Mater Dei's IVF clinic can start to be used soon after law is enacted
The IVF clinic at Mater Dei, which has been lying dormant since the new hospital was built, was this morning visited by Justice Minister Chris Said and Health Minister Joseph Cassar, just a day after the launching of Malta’s first IVF bill for consultation.
The government is hoping that the bill will become law in October and the clinic would start to be used in the beginning of next year.
Most of the equipment needed is already in place, although some of it has not yet been commissioned. What remains for the clinic to be operational is some minor equipment and consumables.
Expert Prof. Mark Brincat explained that the actual IVF would be the last stage in the fertilisation process.
Professionals would start with much simpler procedures building up to IVF if the alternative solutions did not work.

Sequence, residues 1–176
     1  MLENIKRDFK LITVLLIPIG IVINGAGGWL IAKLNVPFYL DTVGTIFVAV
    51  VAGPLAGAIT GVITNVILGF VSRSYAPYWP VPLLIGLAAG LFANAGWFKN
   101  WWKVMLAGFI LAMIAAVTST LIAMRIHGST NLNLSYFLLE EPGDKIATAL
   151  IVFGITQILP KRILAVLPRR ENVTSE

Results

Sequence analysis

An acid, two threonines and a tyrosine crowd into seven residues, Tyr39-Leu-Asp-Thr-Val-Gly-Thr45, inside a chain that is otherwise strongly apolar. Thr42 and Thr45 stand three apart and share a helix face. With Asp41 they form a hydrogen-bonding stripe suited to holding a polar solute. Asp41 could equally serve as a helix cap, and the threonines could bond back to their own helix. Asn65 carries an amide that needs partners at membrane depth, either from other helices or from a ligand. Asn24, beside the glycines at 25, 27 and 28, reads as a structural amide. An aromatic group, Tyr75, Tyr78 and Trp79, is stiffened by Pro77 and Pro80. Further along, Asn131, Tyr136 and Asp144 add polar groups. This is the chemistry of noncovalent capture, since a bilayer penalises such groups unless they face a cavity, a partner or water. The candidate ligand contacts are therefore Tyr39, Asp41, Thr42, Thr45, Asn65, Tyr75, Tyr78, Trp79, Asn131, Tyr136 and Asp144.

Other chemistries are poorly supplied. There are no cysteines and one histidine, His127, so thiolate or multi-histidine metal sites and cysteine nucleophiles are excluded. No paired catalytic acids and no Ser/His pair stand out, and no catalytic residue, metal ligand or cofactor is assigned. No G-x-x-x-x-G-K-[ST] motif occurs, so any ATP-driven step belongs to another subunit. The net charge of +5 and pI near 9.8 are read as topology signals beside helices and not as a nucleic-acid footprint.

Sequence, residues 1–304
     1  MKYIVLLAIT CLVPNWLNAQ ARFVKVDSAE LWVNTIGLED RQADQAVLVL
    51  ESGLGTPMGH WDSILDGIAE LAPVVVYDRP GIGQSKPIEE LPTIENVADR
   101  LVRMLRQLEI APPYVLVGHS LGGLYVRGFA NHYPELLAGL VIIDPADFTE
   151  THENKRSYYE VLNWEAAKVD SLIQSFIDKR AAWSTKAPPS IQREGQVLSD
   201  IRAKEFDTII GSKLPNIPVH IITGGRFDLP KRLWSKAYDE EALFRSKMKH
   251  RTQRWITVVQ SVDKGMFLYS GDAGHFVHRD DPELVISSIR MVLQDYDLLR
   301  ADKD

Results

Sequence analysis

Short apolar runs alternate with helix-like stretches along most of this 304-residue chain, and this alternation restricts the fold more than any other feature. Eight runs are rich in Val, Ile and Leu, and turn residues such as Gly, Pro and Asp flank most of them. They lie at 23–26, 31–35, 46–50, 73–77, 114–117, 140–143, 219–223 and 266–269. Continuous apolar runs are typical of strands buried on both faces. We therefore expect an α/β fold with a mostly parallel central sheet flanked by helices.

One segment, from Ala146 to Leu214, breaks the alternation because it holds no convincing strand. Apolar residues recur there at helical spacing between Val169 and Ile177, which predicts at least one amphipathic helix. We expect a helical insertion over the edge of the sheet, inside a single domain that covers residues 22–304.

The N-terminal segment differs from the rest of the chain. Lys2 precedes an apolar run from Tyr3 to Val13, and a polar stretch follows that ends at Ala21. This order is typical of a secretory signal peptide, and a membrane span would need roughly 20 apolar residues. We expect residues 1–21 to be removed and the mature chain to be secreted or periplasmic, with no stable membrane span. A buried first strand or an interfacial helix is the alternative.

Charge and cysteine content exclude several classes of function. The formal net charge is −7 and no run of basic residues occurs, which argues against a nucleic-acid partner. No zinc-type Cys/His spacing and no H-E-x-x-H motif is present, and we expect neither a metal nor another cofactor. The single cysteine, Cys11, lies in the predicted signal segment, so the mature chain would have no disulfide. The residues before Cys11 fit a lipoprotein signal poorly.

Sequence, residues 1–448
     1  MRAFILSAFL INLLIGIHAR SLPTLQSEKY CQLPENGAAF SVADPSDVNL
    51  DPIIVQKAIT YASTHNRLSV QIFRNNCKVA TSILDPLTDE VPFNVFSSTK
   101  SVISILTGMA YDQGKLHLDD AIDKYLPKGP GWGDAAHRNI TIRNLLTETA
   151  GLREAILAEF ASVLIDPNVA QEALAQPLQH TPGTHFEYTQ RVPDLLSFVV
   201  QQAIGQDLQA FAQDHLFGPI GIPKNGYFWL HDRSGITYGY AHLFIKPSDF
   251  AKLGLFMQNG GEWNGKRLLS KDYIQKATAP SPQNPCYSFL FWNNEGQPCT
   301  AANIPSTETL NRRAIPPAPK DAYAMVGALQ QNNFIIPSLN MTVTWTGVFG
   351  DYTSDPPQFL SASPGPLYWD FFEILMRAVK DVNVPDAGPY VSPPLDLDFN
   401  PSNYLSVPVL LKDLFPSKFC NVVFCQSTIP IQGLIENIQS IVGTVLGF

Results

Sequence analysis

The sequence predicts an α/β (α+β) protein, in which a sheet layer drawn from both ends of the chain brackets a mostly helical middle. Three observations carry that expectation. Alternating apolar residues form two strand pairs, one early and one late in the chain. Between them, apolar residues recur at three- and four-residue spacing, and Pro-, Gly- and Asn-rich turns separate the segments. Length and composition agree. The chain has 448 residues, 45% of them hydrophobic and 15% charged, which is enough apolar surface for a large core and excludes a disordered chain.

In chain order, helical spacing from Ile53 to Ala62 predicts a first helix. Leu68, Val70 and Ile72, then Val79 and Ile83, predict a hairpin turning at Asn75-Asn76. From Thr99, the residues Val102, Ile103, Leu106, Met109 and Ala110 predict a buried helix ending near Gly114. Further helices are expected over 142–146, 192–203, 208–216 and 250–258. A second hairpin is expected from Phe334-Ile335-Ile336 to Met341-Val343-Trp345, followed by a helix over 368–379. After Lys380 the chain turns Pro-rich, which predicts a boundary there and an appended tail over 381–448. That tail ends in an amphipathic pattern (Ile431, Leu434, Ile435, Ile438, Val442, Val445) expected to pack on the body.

Fertility problems, he noted, were mostly split half way between the couple.
He explained that when IVF was to be undertaken, the woman would be hyper stimulated for four weeks to increase her egg count and would then be placed under light anaesthetic.
The eggs would then be plucked using a long needle. They would then be analysed under a microscope and placed in an incubator.
An individual sperm is injected into each egg keeping on with this process until there are a maximum of two fertilised eggs.
With new technology, Prof. Brincat said, the success rate has gone up to 30 to 40 per cent from five to 10 per cent.
The clinic includes a liquid nitrogen vat to be used for freezing eggs and sperm. It could also be used to freeze embryos in the exceptional cases provided for by the law.
Dr Said said the bill was not copied off another country’s law but various countries’ legislation was looked at.
Dr Cassar said that just as there was already a lot of cooperation between private and public hospitals, private hospitals would be able to store eggs using government facilities against payment.